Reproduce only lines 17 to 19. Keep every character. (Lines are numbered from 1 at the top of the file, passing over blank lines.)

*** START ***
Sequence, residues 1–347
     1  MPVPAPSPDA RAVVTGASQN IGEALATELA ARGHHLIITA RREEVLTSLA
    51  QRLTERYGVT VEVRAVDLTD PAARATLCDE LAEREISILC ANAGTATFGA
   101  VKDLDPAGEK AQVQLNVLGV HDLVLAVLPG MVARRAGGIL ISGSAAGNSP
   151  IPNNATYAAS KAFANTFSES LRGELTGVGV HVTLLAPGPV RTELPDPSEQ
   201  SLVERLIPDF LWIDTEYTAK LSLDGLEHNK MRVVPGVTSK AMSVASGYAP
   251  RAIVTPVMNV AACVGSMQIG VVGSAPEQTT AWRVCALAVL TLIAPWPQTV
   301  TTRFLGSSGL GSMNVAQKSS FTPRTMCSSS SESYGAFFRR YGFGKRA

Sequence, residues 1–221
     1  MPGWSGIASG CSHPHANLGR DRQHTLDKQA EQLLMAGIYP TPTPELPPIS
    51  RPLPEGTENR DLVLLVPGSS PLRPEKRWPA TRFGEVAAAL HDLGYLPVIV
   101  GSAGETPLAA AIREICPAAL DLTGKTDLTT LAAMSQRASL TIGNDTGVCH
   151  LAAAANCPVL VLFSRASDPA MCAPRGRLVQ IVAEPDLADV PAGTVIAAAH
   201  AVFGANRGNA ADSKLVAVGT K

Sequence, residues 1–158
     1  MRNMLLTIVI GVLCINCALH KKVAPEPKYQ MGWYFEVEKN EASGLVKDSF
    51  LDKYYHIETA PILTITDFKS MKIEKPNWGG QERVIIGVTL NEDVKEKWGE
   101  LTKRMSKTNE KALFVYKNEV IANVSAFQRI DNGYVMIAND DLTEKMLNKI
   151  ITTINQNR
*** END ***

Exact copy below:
    51  LDKYYHIETA PILTITDFKS MKIEKPNWGG QERVIIGVTL NEDVKEKWGE
   101  LTKRMSKTNE KALFVYKNEV IANVSAFQRI DNGYVMIAND DLTEKMLNKI
   151  ITTINQNR